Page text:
NIH Research Festival
Genetic recombination generates genetic diversity in sexually reproducing species. In mice, humans and most other mammals, the DNA double strand breaks (DSBs) that initiate meiotic recombination are directed to a subset of genomic loci by sequence-specific DNA binding of the PRDM9 protein. This sequence specificity is conferred by a long array of C-terminal zinc fingers (ZFs) that each recognize a preferred DNA sequence. Genome-wide maps of DSB hotspots have been generated for a limited repertoire of Prdm9 alleles in congenic mice (Brick et al., Nature 2012), however to understand the interplay between Prdm9 and genetic background, we identified and analyzed DSB hotspots in mice with different Prdm9 alleles representing all four Mus musculus subspecies and in their F1 hybrids. In the six mice homozygous for Prdm9, almost all DSB hotspot loci differ and are defined by the Prdm9 allele. Alleles with common ZF combinations define some shared hotspot loci, however even a single extra ZF with little predicted effect on DNA binding can globally alter the hotspot landscape. Most hotspots in hybrids coincide with parental hotspots, with no evidence of imprinting, however up to 35% of hybrid hotspots are absent from the parental genomes. Recombination-mediated sequence variation destroys PRDM9 binding sites and can explain most such hotspots. This self-destructive drive also appears to govern the preferential usage of some Prdm9 alleles over others in hybrid mice and by this mechanism, Prdm9 may play a key evolutionary role in the origin of species.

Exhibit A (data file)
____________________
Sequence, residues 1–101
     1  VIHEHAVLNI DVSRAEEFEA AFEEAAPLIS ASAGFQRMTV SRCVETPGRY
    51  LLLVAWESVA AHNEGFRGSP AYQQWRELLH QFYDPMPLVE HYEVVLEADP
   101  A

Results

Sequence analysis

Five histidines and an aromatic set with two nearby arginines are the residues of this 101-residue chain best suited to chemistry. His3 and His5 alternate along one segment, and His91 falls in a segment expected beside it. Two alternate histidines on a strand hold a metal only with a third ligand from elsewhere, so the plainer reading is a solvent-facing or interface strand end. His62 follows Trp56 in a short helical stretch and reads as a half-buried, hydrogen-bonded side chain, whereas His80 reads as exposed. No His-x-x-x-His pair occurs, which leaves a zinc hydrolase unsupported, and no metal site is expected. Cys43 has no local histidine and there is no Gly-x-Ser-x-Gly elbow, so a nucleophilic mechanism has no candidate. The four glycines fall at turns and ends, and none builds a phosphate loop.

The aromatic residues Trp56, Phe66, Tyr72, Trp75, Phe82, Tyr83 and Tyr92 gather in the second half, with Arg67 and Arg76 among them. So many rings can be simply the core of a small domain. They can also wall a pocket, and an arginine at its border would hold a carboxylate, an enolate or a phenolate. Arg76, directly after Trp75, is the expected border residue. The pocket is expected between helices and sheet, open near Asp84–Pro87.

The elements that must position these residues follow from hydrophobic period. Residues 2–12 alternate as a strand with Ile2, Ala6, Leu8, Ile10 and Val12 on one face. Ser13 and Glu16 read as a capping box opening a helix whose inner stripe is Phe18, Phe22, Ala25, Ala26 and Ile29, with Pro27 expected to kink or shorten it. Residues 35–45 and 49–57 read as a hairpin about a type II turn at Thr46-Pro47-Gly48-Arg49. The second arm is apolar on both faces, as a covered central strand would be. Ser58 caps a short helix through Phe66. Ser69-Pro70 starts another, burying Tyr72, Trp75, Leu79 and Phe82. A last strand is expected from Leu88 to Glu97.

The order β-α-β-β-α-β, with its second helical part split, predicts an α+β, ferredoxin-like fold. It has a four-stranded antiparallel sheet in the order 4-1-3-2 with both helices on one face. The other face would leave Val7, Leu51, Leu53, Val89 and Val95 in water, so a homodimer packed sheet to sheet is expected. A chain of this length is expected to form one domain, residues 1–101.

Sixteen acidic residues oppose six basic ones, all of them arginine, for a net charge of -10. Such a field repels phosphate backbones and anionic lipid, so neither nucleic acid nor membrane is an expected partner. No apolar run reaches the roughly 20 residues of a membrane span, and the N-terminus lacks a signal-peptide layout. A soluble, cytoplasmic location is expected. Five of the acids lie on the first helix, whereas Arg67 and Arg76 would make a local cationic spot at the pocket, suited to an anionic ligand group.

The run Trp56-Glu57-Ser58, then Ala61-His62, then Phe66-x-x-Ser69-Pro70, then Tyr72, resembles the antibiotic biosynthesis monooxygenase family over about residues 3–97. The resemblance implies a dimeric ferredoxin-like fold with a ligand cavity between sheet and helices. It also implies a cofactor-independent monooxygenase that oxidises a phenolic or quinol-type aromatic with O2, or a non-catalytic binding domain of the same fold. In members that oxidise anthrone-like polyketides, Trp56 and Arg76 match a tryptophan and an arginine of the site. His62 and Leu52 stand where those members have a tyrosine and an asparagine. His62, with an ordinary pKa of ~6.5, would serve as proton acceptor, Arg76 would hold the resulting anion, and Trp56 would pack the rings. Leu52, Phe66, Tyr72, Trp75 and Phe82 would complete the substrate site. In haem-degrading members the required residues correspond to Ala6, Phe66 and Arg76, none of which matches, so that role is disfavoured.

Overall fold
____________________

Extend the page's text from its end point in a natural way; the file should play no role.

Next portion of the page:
Scientific Focus Area: Genetics and Genomics
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